Ed’s hobbies and interests changed over the years, and the family treasures the black and white photos he took of family and developed in his home darkroom. His children attest to his influence on their career and recreational passions, beginning with his skills as a teacher and his own athleticism from his younger days. Bill’s lifelong passion with fishing began with Ed, from reservoirs in Washington state, the streams of Colorado, to the first day of trout-fishing in Missouri. Amy and Bill were key players on their sports teams from grade school through high school, excelling in baseball, softball, football, tennis, and basketball, aided by Ed’s enthusiastic coaching and encouragement to do one’s best. Terry’s love of folk music came from listening to Ed’s favorite artists like the Weavers, Harry Belafonte, and John McCutcheon. She worked for Ed, writing grant proposals and research papers, and because of his mentoring, worked towards a career in research. The family cherishes memories of his harmonica playing and his love of music of all genres, including classical and opera.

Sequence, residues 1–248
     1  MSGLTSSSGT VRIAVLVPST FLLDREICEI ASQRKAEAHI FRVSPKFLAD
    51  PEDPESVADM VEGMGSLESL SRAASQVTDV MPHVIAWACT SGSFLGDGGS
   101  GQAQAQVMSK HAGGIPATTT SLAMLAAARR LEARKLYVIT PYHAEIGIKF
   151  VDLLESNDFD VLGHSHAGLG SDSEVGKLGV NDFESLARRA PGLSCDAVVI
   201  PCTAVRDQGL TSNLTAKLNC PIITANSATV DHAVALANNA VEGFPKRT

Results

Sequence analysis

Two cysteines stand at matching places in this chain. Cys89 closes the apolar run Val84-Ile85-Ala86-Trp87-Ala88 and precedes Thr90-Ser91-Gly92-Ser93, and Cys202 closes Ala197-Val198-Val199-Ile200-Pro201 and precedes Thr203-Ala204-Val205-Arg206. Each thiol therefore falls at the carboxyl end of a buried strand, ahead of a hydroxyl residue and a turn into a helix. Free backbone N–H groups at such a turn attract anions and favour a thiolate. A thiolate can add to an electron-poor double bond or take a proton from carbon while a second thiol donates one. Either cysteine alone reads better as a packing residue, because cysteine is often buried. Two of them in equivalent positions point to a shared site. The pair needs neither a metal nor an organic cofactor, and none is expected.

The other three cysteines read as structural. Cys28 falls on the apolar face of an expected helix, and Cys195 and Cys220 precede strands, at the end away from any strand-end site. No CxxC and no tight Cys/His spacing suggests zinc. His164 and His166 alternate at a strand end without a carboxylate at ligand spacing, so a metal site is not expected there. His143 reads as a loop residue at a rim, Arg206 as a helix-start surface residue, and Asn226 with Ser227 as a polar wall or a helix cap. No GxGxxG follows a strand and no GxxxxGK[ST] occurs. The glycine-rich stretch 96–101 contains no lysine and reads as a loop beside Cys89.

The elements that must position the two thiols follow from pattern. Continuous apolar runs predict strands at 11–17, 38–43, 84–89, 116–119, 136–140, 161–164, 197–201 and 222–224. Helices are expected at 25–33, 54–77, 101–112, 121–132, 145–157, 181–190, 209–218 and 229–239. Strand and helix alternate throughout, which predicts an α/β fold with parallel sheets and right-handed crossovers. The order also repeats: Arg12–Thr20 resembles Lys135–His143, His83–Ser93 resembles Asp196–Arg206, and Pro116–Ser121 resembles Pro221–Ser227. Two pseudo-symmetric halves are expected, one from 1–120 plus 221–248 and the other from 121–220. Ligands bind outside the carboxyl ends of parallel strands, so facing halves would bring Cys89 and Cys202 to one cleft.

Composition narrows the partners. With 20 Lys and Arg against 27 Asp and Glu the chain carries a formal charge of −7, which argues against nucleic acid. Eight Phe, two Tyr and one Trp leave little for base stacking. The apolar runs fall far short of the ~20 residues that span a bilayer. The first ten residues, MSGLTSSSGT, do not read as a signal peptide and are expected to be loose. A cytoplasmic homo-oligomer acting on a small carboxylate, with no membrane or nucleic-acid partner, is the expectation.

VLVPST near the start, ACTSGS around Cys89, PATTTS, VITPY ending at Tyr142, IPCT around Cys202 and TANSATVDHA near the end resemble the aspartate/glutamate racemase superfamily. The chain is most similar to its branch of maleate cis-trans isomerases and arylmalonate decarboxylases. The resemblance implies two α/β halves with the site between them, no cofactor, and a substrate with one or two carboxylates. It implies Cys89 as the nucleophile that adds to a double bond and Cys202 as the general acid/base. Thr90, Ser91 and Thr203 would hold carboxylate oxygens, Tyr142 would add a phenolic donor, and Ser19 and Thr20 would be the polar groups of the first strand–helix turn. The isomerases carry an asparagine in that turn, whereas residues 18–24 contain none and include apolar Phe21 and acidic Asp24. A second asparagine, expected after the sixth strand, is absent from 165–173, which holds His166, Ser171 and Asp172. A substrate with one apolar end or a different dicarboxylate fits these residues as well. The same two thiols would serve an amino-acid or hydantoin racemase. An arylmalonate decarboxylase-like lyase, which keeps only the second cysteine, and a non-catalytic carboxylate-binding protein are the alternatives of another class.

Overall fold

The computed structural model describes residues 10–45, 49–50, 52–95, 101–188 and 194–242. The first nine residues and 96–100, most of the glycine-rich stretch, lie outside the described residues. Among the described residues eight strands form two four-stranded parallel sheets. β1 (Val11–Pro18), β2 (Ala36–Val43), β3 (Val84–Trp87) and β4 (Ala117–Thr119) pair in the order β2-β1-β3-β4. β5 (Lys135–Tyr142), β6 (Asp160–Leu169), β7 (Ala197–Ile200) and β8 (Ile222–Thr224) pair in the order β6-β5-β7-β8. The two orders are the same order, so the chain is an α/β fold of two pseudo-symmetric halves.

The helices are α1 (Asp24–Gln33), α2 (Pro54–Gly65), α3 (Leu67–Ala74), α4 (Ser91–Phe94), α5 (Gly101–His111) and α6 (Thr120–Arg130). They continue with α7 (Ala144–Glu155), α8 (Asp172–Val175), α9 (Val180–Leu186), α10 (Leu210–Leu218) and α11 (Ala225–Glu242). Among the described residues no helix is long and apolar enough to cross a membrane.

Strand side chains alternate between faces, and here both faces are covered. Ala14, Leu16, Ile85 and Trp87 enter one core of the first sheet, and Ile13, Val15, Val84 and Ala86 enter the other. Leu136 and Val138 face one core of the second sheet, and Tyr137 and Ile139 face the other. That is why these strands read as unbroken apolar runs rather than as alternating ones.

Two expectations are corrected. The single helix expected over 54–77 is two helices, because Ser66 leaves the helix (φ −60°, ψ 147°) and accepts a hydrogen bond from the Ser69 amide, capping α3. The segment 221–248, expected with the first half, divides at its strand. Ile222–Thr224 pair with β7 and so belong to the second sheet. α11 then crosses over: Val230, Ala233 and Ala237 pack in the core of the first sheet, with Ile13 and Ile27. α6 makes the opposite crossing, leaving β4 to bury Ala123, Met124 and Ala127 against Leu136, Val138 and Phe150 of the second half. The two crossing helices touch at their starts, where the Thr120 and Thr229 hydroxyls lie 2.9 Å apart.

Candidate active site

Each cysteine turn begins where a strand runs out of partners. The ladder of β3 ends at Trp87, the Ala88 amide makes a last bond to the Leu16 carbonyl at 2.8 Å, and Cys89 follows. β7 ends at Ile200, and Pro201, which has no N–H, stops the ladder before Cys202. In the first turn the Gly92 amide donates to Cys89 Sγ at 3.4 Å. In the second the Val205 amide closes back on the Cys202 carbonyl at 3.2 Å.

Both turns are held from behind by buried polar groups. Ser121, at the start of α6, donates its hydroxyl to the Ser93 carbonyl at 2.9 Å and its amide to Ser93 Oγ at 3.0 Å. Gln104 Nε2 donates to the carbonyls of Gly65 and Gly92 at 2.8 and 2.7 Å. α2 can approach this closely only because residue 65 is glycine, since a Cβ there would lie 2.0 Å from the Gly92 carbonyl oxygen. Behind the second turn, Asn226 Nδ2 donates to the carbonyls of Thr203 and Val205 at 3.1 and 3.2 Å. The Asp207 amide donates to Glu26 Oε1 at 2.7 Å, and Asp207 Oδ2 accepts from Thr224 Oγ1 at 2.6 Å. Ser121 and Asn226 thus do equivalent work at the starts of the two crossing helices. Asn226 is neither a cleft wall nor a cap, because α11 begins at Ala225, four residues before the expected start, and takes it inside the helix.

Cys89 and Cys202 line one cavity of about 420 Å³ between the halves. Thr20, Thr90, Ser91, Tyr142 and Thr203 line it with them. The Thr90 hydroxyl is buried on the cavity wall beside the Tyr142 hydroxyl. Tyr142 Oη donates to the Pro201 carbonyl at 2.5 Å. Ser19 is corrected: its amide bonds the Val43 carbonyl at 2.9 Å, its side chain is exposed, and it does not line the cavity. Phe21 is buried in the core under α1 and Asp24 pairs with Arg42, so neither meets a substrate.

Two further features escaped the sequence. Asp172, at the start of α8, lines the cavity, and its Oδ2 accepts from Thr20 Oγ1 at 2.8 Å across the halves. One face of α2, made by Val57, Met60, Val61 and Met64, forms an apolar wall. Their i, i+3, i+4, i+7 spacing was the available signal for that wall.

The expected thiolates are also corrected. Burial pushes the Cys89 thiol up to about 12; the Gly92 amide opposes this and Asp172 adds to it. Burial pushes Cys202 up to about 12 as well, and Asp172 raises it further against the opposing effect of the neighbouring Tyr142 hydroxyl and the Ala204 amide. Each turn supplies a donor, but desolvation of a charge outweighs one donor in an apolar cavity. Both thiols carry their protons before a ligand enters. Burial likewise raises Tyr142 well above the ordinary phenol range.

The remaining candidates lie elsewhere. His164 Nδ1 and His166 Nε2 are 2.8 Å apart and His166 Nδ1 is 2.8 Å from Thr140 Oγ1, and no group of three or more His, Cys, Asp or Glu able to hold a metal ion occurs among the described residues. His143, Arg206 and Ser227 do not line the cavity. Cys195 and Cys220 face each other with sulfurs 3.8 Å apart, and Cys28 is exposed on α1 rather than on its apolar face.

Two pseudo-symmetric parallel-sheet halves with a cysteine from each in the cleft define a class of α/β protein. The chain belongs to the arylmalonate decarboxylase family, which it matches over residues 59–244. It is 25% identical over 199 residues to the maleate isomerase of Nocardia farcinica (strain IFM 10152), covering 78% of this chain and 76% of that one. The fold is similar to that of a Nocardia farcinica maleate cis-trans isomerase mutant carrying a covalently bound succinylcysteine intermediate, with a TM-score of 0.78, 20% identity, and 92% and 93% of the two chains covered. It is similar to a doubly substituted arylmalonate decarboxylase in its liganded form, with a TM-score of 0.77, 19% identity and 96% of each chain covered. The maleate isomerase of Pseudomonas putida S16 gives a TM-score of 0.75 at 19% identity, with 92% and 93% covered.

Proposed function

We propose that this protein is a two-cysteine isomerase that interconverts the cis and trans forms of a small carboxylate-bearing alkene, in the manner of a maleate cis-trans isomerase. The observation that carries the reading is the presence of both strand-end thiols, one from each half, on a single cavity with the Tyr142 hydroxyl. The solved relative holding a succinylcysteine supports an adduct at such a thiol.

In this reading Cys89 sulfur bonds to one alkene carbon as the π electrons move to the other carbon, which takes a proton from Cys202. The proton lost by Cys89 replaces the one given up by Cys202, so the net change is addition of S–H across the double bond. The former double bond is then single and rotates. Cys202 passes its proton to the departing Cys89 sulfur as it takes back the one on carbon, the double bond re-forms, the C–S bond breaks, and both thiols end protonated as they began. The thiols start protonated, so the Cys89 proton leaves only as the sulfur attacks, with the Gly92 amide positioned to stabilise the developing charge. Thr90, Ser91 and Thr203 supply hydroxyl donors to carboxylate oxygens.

Ed was a huge sports fan to the end. His first favorite professional teams were the Cleveland Indians baseball team and the Cleveland Browns football team. His allegiance shifted with his family’s Midwest move to the Kansas City Chiefs and the Kansas University Jayhawks men’s college basketball team. Though Ed and Aiko moved from Kansas City in 1994, he continued to follow KU with shared enthusiasm from other family members.

When Ed and Aiko retired to McKinleyville, they joined the local Unitarian Fellowship, and to this day, their closest friends locally have been fellowship members. Ed participated in bird watching and mushroom hunting with friends, meditation at the local Zen center, and read religious thought by such spiritual leaders as Krishnamurti, Pema Chodron, and Shunryu Suzuki. He was an inventive chef, and Thanksgiving feasts took on a North Coast flavor when he smoked salmon in his cast iron kamado smoker served with his secret citrus wasabi sauce. Before the “mule” shoe came in vogue, Ed creatively had cut out the back of his tennis shoes for easy on-and-off.